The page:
The Alabama Department of Revenue (ADOR) quietly filed its Answer in the ongoing challenge by Newegg, Inc. to the so-called economic nexus threshold set forth in ADOR Rule 810-6-2.90.03 for certain out-of-state retailers. In its Answer, the ADOR addresses Newegg’s argument that the U.S. Supreme Court’s 1992 holding in Quill Corp. v. North Dakota exempts it from having to collect and remit use tax because it lacks physical presence within the state. The ADOR mounted a frontal assault by asking the Alabama Tax Tribunal to adopt a new “substantial nexus” framework, as set forth in Complete Auto, asserting that an expansive “economic presence” rule is more appropriate for contemporary society. According to the ADOR, this “economic presence” rule addresses the reality that domestic brick-and-mortar stores are placed at a competitive disadvantage by having to collect sales tax on purchases when out-of-state online retailers, such as Newegg, may avoid collecting use tax altogether for purchases made in-state.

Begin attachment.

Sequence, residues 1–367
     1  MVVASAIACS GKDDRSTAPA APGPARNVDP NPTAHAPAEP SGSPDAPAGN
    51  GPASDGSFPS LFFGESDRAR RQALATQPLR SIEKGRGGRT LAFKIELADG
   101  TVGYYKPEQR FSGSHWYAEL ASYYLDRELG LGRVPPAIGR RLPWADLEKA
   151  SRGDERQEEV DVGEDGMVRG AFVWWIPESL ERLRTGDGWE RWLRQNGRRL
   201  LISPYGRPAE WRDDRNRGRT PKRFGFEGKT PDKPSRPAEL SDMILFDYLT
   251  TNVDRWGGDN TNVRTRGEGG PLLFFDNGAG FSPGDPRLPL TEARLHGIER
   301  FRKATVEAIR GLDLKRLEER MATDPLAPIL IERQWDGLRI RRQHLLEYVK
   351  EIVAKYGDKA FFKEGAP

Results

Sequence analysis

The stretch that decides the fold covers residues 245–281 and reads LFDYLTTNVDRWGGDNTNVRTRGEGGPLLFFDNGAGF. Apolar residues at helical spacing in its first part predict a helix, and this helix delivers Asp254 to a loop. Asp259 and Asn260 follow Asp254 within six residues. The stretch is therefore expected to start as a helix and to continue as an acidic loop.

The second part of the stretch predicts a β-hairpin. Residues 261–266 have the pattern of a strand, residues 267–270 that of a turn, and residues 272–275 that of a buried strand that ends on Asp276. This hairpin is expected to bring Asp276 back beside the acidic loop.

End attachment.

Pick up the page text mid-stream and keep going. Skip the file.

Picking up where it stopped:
The ADOR further argued that its economic nexus rule, when combined with the list of nexus-creating activities specified in Ala. Code §40-23-68, causes Newegg to have “substantial nexus.” The ADOR asserts that the California-based catalog and online retailer not only sold more than $250,000 of tangible personal property within the state during 2015, which brings its activities within the purview of Rule 810-6-2.90.03, but it also “maintain[ed] other contact[s] with [Alabama] that would allow [Alabama] to require the seller to collect and remit the tax due under the provisions of the Constitution and laws of the United States.” Specifically, Newegg allegedly “distribut[es] catalogs or other advertising matter, and by reason thereof receives and accepts orders from residents, within the State of Alabama” (Ala. Code § 40-23-68(b)(10)).
In response to the ADOR’s Answer, Chief Tribunal Judge Bill Thompson entered a preliminary order authorizing pre-hearing discovery to commence, but he did not set a hearing date.